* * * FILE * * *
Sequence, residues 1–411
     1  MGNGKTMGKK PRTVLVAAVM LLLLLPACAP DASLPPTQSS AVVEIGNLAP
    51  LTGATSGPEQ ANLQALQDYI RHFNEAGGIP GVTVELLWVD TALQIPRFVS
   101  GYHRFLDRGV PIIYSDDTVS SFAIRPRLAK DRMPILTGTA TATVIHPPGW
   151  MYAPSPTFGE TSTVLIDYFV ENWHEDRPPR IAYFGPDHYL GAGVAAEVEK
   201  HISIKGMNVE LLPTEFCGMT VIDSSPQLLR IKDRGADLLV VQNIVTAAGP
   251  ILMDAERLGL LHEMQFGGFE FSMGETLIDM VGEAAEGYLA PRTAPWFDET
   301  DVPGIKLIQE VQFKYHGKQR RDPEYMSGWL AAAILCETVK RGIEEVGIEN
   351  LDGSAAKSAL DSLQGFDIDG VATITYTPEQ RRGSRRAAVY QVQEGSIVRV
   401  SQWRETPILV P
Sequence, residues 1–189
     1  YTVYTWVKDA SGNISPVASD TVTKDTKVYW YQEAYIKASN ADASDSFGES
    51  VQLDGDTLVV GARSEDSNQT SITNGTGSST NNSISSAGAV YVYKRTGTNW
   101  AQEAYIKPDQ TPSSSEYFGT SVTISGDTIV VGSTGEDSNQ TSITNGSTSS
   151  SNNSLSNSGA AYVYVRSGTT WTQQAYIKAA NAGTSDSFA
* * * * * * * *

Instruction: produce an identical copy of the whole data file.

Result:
Sequence, residues 1–411
     1  MGNGKTMGKK PRTVLVAAVM LLLLLPACAP DASLPPTQSS AVVEIGNLAP
    51  LTGATSGPEQ ANLQALQDYI RHFNEAGGIP GVTVELLWVD TALQIPRFVS
   101  GYHRFLDRGV PIIYSDDTVS SFAIRPRLAK DRMPILTGTA TATVIHPPGW
   151  MYAPSPTFGE TSTVLIDYFV ENWHEDRPPR IAYFGPDHYL GAGVAAEVEK
   201  HISIKGMNVE LLPTEFCGMT VIDSSPQLLR IKDRGADLLV VQNIVTAAGP
   251  ILMDAERLGL LHEMQFGGFE FSMGETLIDM VGEAAEGYLA PRTAPWFDET
   301  DVPGIKLIQE VQFKYHGKQR RDPEYMSGWL AAAILCETVK RGIEEVGIEN
   351  LDGSAAKSAL DSLQGFDIDG VATITYTPEQ RRGSRRAAVY QVQEGSIVRV
   401  SQWRETPILV P
Sequence, residues 1–189
     1  YTVYTWVKDA SGNISPVASD TVTKDTKVYW YQEAYIKASN ADASDSFGES
    51  VQLDGDTLVV GARSEDSNQT SITNGTGSST NNSISSAGAV YVYKRTGTNW
   101  AQEAYIKPDQ TPSSSEYFGT SVTISGDTIV VGSTGEDSNQ TSITNGSTSS
   151  SNNSLSNSGA AYVYVRSGTT WTQQAYIKAA NAGTSDSFA